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AI to Determine When to Intervene with Your Driving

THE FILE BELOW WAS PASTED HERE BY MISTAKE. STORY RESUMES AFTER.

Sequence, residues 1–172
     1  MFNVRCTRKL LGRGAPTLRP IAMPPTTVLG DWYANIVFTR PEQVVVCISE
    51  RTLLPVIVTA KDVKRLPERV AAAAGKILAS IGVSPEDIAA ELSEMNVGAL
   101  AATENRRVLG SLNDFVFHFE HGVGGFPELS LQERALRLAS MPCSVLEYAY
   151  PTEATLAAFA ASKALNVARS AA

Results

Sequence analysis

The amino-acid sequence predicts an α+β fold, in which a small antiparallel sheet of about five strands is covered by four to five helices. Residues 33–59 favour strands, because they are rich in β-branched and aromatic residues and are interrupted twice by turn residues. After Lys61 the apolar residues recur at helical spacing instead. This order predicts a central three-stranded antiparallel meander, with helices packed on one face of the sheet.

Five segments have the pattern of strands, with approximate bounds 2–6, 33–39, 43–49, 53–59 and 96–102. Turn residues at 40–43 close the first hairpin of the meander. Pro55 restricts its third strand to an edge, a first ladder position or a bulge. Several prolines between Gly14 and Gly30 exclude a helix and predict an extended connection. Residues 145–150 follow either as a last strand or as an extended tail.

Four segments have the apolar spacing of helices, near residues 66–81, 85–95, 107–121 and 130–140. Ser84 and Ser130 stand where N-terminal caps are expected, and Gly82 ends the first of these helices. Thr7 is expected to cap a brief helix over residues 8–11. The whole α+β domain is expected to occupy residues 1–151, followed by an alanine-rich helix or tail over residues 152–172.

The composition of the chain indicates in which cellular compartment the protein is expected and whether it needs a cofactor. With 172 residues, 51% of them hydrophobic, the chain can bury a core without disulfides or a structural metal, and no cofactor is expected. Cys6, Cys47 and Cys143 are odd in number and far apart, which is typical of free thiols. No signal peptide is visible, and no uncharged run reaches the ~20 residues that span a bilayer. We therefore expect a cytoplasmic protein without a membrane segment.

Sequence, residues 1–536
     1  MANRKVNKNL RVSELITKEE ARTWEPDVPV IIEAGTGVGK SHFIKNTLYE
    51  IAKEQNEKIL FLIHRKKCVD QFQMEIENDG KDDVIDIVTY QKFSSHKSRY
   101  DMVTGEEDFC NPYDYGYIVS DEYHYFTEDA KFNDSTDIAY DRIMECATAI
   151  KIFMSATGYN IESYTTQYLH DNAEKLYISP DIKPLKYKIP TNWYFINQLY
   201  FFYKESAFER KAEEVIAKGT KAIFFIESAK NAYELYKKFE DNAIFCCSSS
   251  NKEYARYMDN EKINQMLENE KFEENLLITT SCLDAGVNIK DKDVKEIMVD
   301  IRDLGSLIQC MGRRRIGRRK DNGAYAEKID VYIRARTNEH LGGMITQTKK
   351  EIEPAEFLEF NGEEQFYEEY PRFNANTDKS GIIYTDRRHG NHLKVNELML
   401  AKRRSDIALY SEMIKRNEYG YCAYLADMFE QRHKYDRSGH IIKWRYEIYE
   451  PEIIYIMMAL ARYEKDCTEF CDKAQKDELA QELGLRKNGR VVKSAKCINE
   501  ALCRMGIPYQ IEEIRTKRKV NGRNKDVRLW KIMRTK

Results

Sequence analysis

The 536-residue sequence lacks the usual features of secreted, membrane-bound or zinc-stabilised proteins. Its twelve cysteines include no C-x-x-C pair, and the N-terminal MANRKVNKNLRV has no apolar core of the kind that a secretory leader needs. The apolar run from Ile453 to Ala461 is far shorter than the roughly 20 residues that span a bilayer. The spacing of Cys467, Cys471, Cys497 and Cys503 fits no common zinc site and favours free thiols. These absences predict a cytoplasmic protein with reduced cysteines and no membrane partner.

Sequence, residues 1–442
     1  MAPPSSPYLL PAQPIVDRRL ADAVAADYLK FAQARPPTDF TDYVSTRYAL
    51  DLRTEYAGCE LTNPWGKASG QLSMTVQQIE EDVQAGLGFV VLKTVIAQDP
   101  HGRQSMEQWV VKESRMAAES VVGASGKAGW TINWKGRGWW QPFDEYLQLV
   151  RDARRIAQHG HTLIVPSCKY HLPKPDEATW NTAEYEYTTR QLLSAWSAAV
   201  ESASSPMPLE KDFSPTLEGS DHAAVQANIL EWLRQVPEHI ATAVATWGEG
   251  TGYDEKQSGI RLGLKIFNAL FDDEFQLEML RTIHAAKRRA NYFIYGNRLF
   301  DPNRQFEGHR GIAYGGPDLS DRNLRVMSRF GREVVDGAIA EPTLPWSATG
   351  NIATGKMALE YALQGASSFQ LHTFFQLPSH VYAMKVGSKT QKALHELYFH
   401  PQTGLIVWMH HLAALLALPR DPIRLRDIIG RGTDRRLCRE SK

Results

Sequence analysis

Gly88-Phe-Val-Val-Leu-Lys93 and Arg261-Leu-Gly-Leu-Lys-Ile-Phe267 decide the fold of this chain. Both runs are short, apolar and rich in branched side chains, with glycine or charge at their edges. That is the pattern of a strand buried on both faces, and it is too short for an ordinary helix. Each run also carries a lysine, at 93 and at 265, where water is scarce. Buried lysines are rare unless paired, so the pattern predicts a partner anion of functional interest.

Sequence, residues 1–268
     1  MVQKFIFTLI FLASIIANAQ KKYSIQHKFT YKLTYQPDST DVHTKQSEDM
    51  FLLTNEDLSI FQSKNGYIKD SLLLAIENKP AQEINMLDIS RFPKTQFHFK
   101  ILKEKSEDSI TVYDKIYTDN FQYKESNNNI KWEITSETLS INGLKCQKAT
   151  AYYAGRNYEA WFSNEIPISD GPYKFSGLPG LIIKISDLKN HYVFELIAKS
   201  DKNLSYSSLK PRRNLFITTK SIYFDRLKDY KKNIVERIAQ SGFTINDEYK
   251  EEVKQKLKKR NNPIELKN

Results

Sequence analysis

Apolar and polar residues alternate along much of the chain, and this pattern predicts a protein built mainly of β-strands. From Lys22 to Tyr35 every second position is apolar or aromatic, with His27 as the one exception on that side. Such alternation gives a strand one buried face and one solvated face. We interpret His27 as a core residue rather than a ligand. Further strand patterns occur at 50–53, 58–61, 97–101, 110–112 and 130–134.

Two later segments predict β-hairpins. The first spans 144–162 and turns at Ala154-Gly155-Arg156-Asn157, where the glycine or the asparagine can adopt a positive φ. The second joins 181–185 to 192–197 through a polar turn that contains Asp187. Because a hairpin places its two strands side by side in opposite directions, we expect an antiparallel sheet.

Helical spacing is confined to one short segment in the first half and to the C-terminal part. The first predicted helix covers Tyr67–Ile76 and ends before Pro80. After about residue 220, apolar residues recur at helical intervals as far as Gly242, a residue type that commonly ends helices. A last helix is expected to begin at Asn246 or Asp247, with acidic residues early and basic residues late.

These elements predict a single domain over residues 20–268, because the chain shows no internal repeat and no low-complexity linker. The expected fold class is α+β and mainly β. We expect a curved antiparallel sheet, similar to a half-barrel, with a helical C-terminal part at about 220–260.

(Professor Uichin Lee (left) and PhD candidate Auk Kim) Can your AI agent judge when to talk to you while you are driving? According to a KAIST research team, their in-vehicle conservation service technology will judge when it is appropriate to contact you to ensure your safety. Professor Uichin Lee from the Department of Industrial and Systems Engineering at KAIST and his research team have developed AI technology that automatically detects safe moments for AI agents to provide conversation services to drivers. Their research focuses on solving the potential problems of distraction created by in-vehicle conversation services. If an AI agent talks to a driver at an inopportune moment, such as while making a turn, a car accident will be more likely to occur. In-vehicle conversation services need to be convenient as well as safe. However, the cognitive burden of multitasking negatively influences the quality of the service. Users tend to be more distracted during certain traffic conditions. To address this long-standing challenge of the in-vehicle conversation services, the team introduced a composite cognitive model that considers both safe driving and auditory-verbal service performance and used a machine-learning model for all collected data. The combination of these individual measures is able to determine the appropriate moments for conversation and most appropriate types of conversational services. For instance, in the case of delivering simple-context information, such as a weather forecast, driver safety alone would be the most appropriate consideration. Meanwhile, when delivering information that requires a driver response, such as a “Yes” or “No,” the combination of driver safety and auditory-verbal performance should be considered. The research team developed a prototype of an in-vehicle conversation service based on a navigation app that can be used in real driving environments. The app was also connected to the vehicle to collect in-vehicle OBD-II/CAN data, such as the steering wheel angle and brake pedal position, and mobility and environmental data such as the distance between successive cars and traffic flow. Using pseudo-conversation services, the research team collected a real-world driving dataset consisting of 1,388 interactions and sensor data from 29 drivers who interacted with AI conversational agents. Machine learning analysis based on the dataset demonstrated that the opportune moments for driver interruption could be correctly inferred with 87% accuracy. The safety enhancement technology developed by the team is expected to minimize driver distractions caused by in-vehicle conversation services. This technology can be directly applied to current in-vehicle systems that provide conversation services. It can also be extended and applied to the real-time detection of driver distraction problems caused by the use of a smartphone while driving. Professor Lee said, “In the near future, cars will proactively deliver various in-vehicle conversation services. This technology will certainly help vehicles interact with their drivers safely as it can fairly accurately determine when to provide conversation services using only basic sensor data generated by cars.” The researchers presented their findings at the ACM International Joint Conference on Pervasive and Ubiquitous Computing (Ubicomp’19) in London, UK. This research was supported in part by Hyundai NGV and by the Next-Generation Information Computing Development Program through the National Research Foundation of Korea (NRF) funded by the Ministry of Science and ICT. (Figure: Visual description of safe enhancement technology for in-vehicle conversation services)